In Gassho

Byran Masashi Siebuhr, Associate Minister


Rev. Daido Baba                                                                 

The Pure Land and Your Daily Life

     You may have heard ministers use the words “Pure Land” in sermons or in discussion groups. Our Hongwanji School of Buddhism is called Jodo Shinshuin Japan.The Japanese word, Jodo, means Pure Land. So the Hongwanji is sometimes referred to as the Pure Land Teaching. The words, Pure Land “Jodo” appears in our school’s name. Therefore, to all Nembutsu followers, the Pure Land should be especially significant. 

     Some of you may think that the Pure Land is just the place where we will be born after death so Jodo Shinshu messages are always only about dying. However, that is not true. Jodo Shinshu teaches us the importance of living the present life sincerely and gratefully. Because of the teachings of the preciousness of life, the impermanence of life, and the unrepeatable life, we should take care of this life respectfully. This means we have to think or be mindful of the relationship of our present life to the Pure Land.  

     If people go to Japan for the first time, they may be confused with the rail system. Japan has so many train stations and lines. People won’t know which train they should take. Sometimes people take the train that goes in the opposite direction. In that situation, people can’t enjoy the way to their destination because they will constantly be worrying about the way. People cannot enjoy shopping along the way to their destination if they only concentrate on reaching the destination. Imagine how you will feel if you don’t have hotel reservations for the day while traveling to an unfamiliar place. Would you enjoy sightseeing along the way? During your trip if you know which hotel you will be staying at, you can enjoy each day. Right? 

     The same thing can be said about our daily life. If we worry too much about our after-life, we cannot enjoy our present life. We may become lost and confused in our daily life. But we, Nembutsu followers, don’t need to worry about the after-life. We are taught about the Pure Land where everyone absolutely will be born through Amida Buddha’s Vows. Amida Buddha prepared and completed his peaceful world for us. When you receive Amida Buddha’s Vow into your heart, he will lead you on the path to the peaceful world. Listen to the Dharma message as being just for you. Think of the Buddha speaking personally to you.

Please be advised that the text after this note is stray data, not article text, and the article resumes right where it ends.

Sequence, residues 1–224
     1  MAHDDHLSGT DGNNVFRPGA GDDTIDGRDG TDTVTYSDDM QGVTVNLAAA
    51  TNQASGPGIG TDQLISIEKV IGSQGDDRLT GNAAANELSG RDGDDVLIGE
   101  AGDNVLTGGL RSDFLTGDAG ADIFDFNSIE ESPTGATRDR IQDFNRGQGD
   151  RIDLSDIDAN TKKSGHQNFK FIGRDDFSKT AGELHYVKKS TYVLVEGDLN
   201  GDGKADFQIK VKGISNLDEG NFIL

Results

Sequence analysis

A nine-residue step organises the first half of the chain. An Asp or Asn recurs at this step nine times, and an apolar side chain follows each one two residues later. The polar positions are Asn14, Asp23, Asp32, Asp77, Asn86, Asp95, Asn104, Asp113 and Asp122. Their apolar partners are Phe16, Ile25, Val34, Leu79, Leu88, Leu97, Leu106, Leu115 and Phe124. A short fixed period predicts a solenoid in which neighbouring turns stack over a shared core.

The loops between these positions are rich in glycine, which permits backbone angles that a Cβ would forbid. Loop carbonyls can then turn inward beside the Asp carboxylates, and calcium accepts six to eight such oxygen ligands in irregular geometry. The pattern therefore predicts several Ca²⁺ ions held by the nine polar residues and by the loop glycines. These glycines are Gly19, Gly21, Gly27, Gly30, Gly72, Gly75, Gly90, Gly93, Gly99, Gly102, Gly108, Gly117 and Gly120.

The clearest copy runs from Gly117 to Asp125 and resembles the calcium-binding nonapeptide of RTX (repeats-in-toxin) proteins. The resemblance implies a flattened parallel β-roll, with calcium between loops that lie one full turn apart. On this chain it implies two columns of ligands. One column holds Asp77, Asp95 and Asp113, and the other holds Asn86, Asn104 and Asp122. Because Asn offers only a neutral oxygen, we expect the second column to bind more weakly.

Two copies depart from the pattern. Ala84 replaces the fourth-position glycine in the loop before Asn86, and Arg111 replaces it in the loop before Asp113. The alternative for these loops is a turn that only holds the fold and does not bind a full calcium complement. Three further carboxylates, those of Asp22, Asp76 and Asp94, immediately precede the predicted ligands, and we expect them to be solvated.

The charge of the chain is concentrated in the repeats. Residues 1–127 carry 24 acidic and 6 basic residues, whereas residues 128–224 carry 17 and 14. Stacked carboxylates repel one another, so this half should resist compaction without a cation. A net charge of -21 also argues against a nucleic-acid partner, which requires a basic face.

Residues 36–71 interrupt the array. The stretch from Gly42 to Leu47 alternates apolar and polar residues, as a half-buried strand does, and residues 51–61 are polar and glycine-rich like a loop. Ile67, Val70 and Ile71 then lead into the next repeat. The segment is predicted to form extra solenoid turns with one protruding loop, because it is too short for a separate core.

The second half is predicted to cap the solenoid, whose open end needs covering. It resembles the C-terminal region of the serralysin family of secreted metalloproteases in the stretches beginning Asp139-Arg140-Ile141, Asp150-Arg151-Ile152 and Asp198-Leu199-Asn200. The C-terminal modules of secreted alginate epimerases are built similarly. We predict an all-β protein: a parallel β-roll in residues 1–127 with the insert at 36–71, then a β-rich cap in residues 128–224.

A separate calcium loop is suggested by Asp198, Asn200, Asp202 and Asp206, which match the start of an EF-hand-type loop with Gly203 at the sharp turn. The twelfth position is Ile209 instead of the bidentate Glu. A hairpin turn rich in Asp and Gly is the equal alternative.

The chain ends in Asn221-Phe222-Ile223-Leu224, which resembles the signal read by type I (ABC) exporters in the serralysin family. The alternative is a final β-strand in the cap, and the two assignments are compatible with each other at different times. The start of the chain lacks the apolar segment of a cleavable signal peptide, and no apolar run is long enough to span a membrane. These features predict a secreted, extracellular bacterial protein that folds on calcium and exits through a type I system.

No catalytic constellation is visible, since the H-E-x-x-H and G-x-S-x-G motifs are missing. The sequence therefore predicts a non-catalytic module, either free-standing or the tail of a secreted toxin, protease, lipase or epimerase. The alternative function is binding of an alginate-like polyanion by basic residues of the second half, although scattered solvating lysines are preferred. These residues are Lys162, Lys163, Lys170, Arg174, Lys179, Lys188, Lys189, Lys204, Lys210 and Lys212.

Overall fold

You are the one who should realize the preciousness of life and the impermanence of life. The meaning of the Pure Land is to live your precious moment fully and gratefully without any suffering or concern. To live daily with security in your heart and mind is the essence of Jodo Shinshu Buddhism. Our life after death is already settled by Amida Buddha so there is no need to worry about it. If you cannot facethe reality of death now, someday the reality will absolutely become a part of you. 

     We don’t live looking forward toward our death. However we cannot separate our death from our lives. That’s why we should accept our lives including the reality of death. Therefore, it is important to settle things about our death. If you put it aside, that will create more suffering for a long time. We are shown Buddha’s land as a unique, peaceful, harmonious place where we take care of each other. As we are assured of that, we can live our life in this way. We can create the Buddha’s Land in our present life. 

     The Nembutsu teaching is the teaching for you to live this precious moment. To remind us, we are given Namo Amida Butsu that we can recite at anytime, anywhere. When you recite the Nembutsu, Namo Amida Butsu, you are receiving the power to live gratefully in this life.  Namo Amida Butsu.

There are basic ways to let others know who we are, who to contact and what our situation is, etc., in case of an emergency in the event we cannot communicate our needs. This is especially true for elders and those with medical challenges living alone. Here are some suggestions c/o of our Project Dana we should always have in our wallet or bag another can go to immediately in an emergency:

1. Photo Identification

2. Medicare/Insurance card(s)

3. Medical Prescription Drug card

4. Emergency Contact Name(s) & Phone

5. Doctor’s Name & Phone 

6. List of Medication(s) & dosages (include OTC)

7. Allergies to drug(s), others

If such items can be put TOGETHER in a laminated jacket so anyone needing the information won’t have to look all over for them, it would be certainly helpful. Let a capable family member or advocate help you keep these items together and readily accessible to those who need to know. One day at a time – take care.

Contact the ministers

Contact information: Office phone: 961-6677

Cell phones for emergencies only:

Rev. Bryan Siebuhr: 339-5250

all our office at 961-6677 for arrangements.